The UAE backs Saudi Arabia's request for high-level talks in the Security Council this week to address Israeli settlement construction on Palestinian soil - a letter issued as Sheikh Abdullah sat down with the Kingdom's foreign minister, Prince Saud Al Faisal, and other GCC ministers for a strategy pow wow. A draft resolution calling for the 15-nation body to condemn Israeli settlement construction is on the agenda of an Arab League meeting to be attended by the group's secretary general, Amr Mousa.
Between major meetings, Abu Dhabi's envoy is darting between hotels in New York skyscrapers, "engaging in bilateral meetings to enhance diplomatic and trade relations with countries across Asia, Africa and Latin America", Mr Barout said. Countries on the diverse schedule range from Gabon and Vietnam to Sierra Leone. Sheikh Abdullah joined Mr Blair, Britain's former prime minister, at a fund-raising meeting for Palestinians, and explained how the construction of Sheikh Khalifa City and other pledges have contributed to the US$1.36 billion (Dh5bn) in assistance already received.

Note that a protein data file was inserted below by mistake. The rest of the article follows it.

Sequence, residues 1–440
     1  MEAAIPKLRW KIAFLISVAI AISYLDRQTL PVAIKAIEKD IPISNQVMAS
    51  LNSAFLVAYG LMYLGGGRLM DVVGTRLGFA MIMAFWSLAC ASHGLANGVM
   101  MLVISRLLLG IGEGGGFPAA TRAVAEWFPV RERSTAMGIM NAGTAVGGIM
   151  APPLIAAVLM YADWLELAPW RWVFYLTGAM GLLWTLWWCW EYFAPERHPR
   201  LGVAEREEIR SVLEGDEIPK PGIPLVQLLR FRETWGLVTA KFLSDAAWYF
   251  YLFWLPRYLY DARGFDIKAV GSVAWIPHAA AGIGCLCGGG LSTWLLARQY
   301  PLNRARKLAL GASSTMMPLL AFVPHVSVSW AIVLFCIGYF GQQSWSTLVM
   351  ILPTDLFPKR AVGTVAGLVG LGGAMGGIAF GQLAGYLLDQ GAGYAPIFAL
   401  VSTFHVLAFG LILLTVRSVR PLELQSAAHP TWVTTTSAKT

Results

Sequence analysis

His speech before the General Assembly on Saturday morning is expected to address foreign policy concerns and assert sovereignty claims over the Gulf islands of Abu Musa and the Greater and Lesser Tunb, which the Government claims Iran has occupied since 1971. But it is Sheikh Abdullah's bell-ringing ceremony at the Nasdaq stock exchange tomorrow, in which the minister will signal a close to the day's trading, that really highlights the dominant issue overshadowing events in midtown Manhattan.